End Times radio host Rick Wiles told his listeners that the country would “be brought to its knees” if the Supreme Court were to rule in favor of marriage equality and that there would be “pain and suffering at a level we’ve never seen in this country,” caused by “riots or looting or war on American soil or a fireball from space.”
Texas pastors Robert Jeffress and Rick Scarborough also got in the mix. Jeffress said the ruling could pave the way for the Antichrist while Scarborough said conservatives must “fight until we die” and “push back with all our might” against a ruling in favor of gay marriage, which he said would “unleash the spirit of hell on the nation.” Scarborough even boasted that he was ready to go to jail and face death: “We are not going to bow, we are not going to bend, and if necessary, we will burn.”
As one might expect, the responses to the ruling were not much different from the predictions.
The day after the ruling, Wiles declared that he received a message from God, who asked him to tell the people to “flee” the country before God destroys it through economic ruin, food shortages, terrorism, disease and slavery. “America is over,” he declared. Later, Wiles predicted that America is “going to see gunfire” from people resisting the government over gay marriage. “Somebody’s going to jail, somebody’s going to die, somebody’s going to suffer,” he said.
Michael Bresciani of the Christian Post said Obergefell would lead to “an economic crash much more serious than the stock market crash of 29,” while WND’s Farah envisioned “more civil and racial strife” or “an attack on our country from foreign power or terrorist group.”
Fox News pundit Todd Starnes said that “pastors who refuse to perform gay marriage and preach from the Bible should prepare for hate crime charges,” while Illinois pastor Erwin Lutzer told religious parents to prepare to “be diagnosed as culturally intolerant and personality intolerant,” as a result of which “their children will be taken away from them.” Perkins of the FRC claimed that the Supreme Court’s decision would threaten the freedom of speech and gun rights.
American Family Radio host Sandy Rios, who also serves as the American Family Association’s governmental affairs director, said that homosexuality may have been “a factor” in the deadly Amtrak crash in May. She suggested that the engineer, who is gay, may have been having a breakdown as he experienced “some confusion” related to homosexuality.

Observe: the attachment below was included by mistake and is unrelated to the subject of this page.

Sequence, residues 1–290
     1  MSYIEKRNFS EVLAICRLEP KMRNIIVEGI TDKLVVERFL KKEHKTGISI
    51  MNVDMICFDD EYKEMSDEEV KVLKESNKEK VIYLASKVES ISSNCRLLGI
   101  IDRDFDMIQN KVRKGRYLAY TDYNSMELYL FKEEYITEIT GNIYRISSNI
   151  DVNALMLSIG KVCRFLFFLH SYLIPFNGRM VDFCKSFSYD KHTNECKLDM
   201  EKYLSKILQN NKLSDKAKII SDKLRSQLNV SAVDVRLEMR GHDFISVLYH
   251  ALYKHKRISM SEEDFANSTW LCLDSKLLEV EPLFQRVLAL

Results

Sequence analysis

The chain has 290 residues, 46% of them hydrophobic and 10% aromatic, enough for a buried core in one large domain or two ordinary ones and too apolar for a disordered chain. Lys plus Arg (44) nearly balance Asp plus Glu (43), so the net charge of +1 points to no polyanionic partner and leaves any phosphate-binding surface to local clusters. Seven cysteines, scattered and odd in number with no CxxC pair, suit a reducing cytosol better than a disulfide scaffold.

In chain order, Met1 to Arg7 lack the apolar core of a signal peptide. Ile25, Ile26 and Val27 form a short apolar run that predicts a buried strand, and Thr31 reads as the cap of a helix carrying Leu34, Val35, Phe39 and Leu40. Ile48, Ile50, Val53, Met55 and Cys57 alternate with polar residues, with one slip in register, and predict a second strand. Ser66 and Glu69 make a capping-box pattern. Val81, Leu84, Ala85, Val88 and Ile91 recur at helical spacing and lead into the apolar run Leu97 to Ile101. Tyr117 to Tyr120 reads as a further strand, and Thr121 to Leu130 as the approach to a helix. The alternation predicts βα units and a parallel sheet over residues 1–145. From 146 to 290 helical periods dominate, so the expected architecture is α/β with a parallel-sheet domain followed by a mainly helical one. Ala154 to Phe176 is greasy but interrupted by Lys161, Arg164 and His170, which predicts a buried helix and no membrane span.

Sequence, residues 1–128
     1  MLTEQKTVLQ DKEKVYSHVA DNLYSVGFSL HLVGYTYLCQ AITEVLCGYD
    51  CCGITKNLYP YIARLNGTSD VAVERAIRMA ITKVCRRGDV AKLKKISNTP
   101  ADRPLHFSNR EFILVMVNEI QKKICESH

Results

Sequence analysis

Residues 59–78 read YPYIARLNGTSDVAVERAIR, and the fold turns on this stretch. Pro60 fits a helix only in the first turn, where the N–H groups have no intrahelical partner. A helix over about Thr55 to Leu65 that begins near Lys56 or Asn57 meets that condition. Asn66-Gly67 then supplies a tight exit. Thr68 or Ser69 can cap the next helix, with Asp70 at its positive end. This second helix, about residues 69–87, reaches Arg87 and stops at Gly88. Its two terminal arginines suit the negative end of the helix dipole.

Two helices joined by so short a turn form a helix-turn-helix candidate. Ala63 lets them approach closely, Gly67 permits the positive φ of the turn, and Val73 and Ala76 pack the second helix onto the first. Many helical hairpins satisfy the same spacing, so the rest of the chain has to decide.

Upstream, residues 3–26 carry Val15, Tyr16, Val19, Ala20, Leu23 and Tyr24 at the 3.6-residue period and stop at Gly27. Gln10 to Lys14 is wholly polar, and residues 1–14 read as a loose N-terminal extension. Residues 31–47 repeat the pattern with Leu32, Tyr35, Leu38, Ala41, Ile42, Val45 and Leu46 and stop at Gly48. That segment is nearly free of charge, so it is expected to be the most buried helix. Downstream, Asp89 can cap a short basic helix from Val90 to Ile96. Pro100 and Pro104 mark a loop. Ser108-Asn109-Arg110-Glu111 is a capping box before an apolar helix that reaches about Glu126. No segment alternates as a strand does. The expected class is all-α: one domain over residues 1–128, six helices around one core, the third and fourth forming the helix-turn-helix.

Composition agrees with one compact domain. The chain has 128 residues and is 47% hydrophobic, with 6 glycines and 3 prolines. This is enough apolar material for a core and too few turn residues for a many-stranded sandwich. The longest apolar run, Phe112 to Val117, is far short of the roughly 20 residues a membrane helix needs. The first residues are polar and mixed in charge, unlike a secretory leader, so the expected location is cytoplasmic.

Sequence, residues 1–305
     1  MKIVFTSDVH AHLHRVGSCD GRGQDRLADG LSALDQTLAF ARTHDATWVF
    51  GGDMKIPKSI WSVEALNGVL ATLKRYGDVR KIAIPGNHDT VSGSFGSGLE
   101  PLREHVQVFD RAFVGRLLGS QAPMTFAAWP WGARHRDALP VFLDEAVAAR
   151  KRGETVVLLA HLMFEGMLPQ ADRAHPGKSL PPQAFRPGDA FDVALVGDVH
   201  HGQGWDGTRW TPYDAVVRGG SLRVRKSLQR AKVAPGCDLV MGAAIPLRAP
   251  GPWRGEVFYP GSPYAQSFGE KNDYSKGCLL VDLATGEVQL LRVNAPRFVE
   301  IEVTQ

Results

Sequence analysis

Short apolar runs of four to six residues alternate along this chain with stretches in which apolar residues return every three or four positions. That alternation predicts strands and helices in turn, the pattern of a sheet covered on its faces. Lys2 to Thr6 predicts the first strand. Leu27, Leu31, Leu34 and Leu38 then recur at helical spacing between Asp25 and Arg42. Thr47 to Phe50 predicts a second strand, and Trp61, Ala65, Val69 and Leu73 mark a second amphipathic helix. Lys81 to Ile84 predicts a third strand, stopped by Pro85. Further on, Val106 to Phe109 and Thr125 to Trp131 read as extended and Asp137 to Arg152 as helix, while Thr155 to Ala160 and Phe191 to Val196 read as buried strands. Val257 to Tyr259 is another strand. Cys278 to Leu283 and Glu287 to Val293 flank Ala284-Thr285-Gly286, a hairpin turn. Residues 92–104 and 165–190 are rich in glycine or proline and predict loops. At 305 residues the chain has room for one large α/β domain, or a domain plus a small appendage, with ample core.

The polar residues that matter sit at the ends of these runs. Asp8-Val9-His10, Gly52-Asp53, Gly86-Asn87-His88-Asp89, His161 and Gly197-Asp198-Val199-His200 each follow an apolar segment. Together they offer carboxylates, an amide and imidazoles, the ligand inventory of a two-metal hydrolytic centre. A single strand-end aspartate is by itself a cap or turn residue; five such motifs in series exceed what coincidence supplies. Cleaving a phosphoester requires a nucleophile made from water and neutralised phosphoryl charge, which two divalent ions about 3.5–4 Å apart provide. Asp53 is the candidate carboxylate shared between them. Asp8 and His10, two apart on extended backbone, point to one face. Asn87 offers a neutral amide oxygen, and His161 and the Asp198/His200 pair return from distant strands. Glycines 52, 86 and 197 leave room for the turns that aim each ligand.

Fellow AFR host Bryan Fischer specifically blamed flooding in Texas on God’s judgment for homosexuality, saying that “you can make a geographical connection” between flooding and homosexuality. (We wonder what that means for American Family Radio’s home town of Tupelo, Mississippi, which was hit by a tornado last year).
Huckabee also suggested that America is in “a dangerous place” because “if man believes that he can redefine marriage, it’s apparent that man believes he has become his own god,” and God will not protect such a nation.
The Religious Right has a long history of absurdly claiming that evangelical Christians are facing persecution in America, and the Obergefell ruling only amped up such rhetoric.
Huckabee warned that the gay rights movement “won’t stop until there are no more churches, until there are no more people who are spreading the Gospel,” lamenting that too many Christians don’t realize “how close they are to losing all of their freedoms.” Huckabee’s fellow GOP presidential candidate, Texas Sen. Ted Cruz, also got in on the action, warning that a gay “jihad” is “going after people of faith who respect the biblical teaching that marriage is the union of one man and one woman.”
Glenn Beck predicted that Obergefell would result in serious repercussions for the media, claiming that “anybody on this show [who] says they’re for traditional marriage” will have their airtime in jeopardy as the ruling “could mean the end of radio broadcasts like mine.”
Nothing set off more persecution rhetoric than the Kim Davis saga, in which the Rowan County, Kentucky, clerk blocked her office from issuing marriage licenses to same-sex couples in defiance of a court order, citing “God’s authority.” She was temporarily placed in the custody of U.S. Marshals after she said she would continue to flout the courts and was only released after deputy clerks started to issue the licenses.
Even before the Davis case, many Republicans had been insisting that government officials may not have to treat court rulings on marriage as authoritative after all, and can simply flout the process of judicial review. Obergefell gave them the perfect opportunity to put these arguments into action.